Curtains We follow the red brick road
Idionumina 2012 was a site-specific art event that succeeded in bringing a highly ambitious and exciting experience of contemporary art to the small town of Graignamangh, Co. Kilkenny. Co curated by Maria Tanner and Deirdre Southey, the exhibition came together as an idea intensive, mallable and experimental project based on a meditation with time and place. The exhibition was sited in a disused commercial hotel which had been built during the 1850’s in fusion with an monastic architectural history that had dated back to the 12th Century. This peculiarly experienced building, no longer serving its former utilitarian function stood lonely as an errant space, lapsing into different planes of dream and memory.
Responding to a conceptual frame artists both national and International explored the unique character of its emancipated ambiance…
“Faced with any new object, reason asks “in which of its earlier categories the new object belongs? In which ready-to-open drawer shall we put it?” Henri Bergson L’Evolution Creatrice, 1907
Site specific; a short history of place
In Co. Kilkenny, at the base of Brandon Hill the small town of Graiguenamanagh sits surrounded by the Black Stair Mountains with Mount Leinster seen rising like a leviathan in the distance. The history of Graiguenamanagh runs as deep and as long as the Barrow River that runs through it, from its earliest settlements circa 1200 A.D to its present day. A defining event in the establishment of the town occurred with the founding of Duiske Abbey by Norman leader William Marshall in 1204. Historically prized as one of Ireland’s finest examples of a Gothic Cloister, Duiske Abbey derived its name from the little river Duiske (Black water -Dubh Uisce) which joins the Barrow at Graignamanagh. The significance of Duiske Abbey in establishing the town is reflected in the place name itself, Graig na manac meaning ‘the grange of the monks’.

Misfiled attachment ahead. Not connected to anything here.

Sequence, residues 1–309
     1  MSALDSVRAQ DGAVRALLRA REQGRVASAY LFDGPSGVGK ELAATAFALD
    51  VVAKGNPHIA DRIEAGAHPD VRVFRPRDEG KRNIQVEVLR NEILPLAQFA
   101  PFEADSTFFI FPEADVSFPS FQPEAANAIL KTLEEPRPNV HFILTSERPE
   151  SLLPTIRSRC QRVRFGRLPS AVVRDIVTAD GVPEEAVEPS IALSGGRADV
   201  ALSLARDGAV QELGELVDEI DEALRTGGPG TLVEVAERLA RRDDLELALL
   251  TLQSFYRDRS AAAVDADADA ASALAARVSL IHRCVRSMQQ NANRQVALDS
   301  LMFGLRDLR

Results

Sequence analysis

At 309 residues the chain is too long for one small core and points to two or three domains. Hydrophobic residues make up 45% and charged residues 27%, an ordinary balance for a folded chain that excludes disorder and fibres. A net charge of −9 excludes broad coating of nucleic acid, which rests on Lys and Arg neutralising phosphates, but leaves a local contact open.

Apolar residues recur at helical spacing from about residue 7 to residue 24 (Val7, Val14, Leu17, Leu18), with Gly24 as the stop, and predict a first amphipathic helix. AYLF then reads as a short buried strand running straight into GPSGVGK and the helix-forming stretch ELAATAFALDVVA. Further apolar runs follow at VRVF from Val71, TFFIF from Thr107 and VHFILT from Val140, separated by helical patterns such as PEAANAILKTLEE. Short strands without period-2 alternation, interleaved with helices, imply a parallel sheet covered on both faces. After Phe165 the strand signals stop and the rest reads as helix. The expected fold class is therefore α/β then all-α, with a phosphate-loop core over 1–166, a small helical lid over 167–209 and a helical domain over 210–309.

Though it is over 800 years since the foundation of the Abbey, elements of its architectural history are still physically present. Since the 1800’s generations have built upon the former grounds of the old monastic enclosure fusing fragments of its architectural history into homes, commercial premises, gardens and offices. Today remains of the ancient monastery still exist to the rear of the houses that line the east side of Lower Main Street. On this same street No 15, Hughes stands, (built in 1850). Originally named Harahan’s the building was used as a commercial hotel with pub and grocery business, it was also a family home. It was sometime in 1911 through an alliance of marriage that the building became known as Hughes, during which time it continued to function as a hotel, general grocery, later becoming a curiosity shop. One character in particular that resided at No. 15 was its last inhabitant, Peggy Hughes (1915-2003). Having studied as a painter at NCAD her creative eccentricity along with deep sense of spirituality spread out into her home and little shop in which she worked. Always filled to the brim with curiosities the shops presence in the town triggered local imagination that led beyond the shop and into the unseen interior of the home itself.
No 15.is now uninhabited and has fallen into dilapidation but the idiosyncratic character of the house shelters potentialities for creative investigation that lie in anticipation of their own unforeseen destinies. The title of the exhibition Idionumina performed a neolexia or new word. Idio taken from the term Idiosyncratic often used to describe eccentricity or peculiarity and the philosophical term Numina which described a spirit believed by animists to inhabit certain natural phenomena or objects. In Ovids Fasti, Numen Inest translates to ‘There is spirit here’.
It is from this site that 20 artists from across Ireland explored the unique character of its emancipated ambiance, in the consideration of private space (oikos) and public space (polis) and their mutual relationship. Artists came together to work with various forms of installation, performance and sculpture. Participating artists include: Aoife Banville, Marie Brett, John McHarg, Andrew Carroll, Andrea Cleary, Becky Coffee, Lynda Conroy, Alison Cronin, Mary-Jo Gilligan, Kieran Healy, Rachel Healy, Kate O Kelly, Sharon Mc Carty, Julie Moorhouse, Cliona Ni Laoi, Ben Reily and Nina Tanis.
You Came Back To See Me